Your weight loss journey should begin by defining the pain points in your diet and addressing the areas that could do with change to maximise your efforts. Many people initially make the mistake of overlooking the calories that they consume via liquids and this can be especially true for liquor. The good news is that you won’t have to cut alcohol from your diet entirely – there are smart choices that you can make to keep your goals on track.
What to know about liquor for weight loss
If you are concerned about giving up your favourite drink, a key piece of information when considering liquor for weight loss is that the higher the alcohol percentage, the higher the calories. This means that while some will be better for weight loss than others, a simple change like lowering the strength can also be worthwhile.
In general, spirits have no carbohydrates, sugars, or additives that will have a negative impact on your healthy eating habits. Issues typically arise when flavorings are added during the bottling process or when mixers are used to improve the taste. It seems like a no-brainer that fizzy pop and pre-made fruit juices will add calories, colours, preservatives and more, but many individuals simply remove alcohol from their diet completely without thinking too much about it.
What liquor is good for weight loss?
Here is a list of the lowest-calorie liquors (in order):
- Dry wine: 84 to 90 calories
- Vodka: 96 calories
- White rum: 96 calories
- Gin: 87 to 98 calories
- Plain whiskey: 105 calories
- Sparkling wine: 128 calories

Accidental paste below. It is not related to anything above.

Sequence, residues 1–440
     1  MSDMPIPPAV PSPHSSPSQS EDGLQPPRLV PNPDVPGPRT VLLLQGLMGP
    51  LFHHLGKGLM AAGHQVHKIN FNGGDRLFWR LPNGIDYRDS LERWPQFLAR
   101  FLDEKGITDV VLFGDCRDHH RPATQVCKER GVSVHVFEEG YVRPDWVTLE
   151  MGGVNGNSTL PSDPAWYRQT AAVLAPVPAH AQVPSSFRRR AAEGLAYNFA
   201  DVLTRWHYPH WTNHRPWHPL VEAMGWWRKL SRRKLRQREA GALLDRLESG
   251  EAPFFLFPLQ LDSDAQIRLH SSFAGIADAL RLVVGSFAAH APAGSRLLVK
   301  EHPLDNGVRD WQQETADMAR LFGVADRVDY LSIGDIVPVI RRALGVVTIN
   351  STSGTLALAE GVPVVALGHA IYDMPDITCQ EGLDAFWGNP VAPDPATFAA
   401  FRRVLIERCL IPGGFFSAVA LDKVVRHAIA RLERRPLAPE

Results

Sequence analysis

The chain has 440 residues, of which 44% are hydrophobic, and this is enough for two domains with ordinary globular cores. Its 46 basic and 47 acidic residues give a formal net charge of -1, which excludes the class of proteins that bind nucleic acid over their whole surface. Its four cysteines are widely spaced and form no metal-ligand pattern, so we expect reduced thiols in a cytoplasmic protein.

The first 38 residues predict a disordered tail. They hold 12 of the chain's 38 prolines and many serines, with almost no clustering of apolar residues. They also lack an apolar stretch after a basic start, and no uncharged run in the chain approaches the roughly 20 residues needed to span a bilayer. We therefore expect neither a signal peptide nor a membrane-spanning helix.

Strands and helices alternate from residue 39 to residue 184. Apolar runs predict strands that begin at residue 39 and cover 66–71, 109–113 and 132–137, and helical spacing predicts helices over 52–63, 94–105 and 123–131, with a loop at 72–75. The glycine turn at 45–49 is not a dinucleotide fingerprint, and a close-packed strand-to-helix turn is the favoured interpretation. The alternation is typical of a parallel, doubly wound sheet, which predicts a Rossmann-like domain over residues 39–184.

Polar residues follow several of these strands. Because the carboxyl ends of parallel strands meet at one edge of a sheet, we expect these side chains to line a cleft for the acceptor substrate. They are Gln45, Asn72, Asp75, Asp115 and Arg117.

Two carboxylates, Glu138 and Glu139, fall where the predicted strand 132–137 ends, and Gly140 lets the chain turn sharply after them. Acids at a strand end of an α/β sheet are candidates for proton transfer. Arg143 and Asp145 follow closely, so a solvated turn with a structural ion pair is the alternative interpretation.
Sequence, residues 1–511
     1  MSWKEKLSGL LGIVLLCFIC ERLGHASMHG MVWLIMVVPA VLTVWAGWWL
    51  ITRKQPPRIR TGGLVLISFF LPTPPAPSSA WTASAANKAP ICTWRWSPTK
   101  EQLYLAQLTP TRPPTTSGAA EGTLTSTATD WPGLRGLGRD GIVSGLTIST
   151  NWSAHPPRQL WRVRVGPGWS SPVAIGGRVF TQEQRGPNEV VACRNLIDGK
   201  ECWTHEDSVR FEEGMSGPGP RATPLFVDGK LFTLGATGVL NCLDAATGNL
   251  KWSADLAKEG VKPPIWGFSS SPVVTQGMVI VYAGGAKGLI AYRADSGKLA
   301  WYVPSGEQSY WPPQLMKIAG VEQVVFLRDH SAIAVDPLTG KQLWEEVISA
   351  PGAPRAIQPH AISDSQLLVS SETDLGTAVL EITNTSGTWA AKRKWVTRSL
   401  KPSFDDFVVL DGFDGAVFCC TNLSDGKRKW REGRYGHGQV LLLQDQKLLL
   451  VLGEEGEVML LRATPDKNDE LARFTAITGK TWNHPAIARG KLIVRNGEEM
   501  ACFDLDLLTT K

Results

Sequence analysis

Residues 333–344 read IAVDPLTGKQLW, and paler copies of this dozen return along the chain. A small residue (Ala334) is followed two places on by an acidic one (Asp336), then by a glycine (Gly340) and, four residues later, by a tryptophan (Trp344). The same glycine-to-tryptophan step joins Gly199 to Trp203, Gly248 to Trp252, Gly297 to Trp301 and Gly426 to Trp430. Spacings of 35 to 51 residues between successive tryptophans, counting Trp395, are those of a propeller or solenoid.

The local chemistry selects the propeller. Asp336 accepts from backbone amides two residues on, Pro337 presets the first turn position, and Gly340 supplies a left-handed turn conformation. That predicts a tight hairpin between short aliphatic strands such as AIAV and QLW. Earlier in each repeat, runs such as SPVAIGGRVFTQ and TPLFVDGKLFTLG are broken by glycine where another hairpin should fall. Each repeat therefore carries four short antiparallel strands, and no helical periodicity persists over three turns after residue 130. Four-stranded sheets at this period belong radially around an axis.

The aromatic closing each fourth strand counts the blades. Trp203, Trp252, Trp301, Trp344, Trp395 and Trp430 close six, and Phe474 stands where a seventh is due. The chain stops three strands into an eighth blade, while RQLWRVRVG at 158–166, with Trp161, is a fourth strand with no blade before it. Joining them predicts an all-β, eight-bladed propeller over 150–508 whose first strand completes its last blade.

You may not want to drink your liquor neat, so opting for natural, fresh-squeezed fruit juices, soda water and even just a splash of lemon or lime can make a healthy difference. Remember that motivation will play a part in your ability to stick to a weight loss plan, so don’t deprive yourself of alcohol entirely, but manage your intake and make wiser decisions instead.
Is drinking liquor bad when losing weight?
It can be especially important to understand that while some liquors can be high in calories, unless you are regularly drinking to excess, their overall impact on your diet isn’t likely to be huge. In general, there are a host of secondary factors that can make liquor an unwise selection. For example:
- Liquor can increase your appetite and cause you to eat more
- If you experience a hangover the next day, you may find that you won’t feel well enough to go to the gym or keep up with your usual exercise regime
- Stopping drinking entirely may cause you to fall off the wagon when social events pop up. When this does happen, you may lose motivation and your diet plan may end up suffering as a result
This means that the key takeaway should be that on its own, liquor isn’t likely to make you gain weight, but it can impede your success if you don’t put a solid plan for alcohol in place.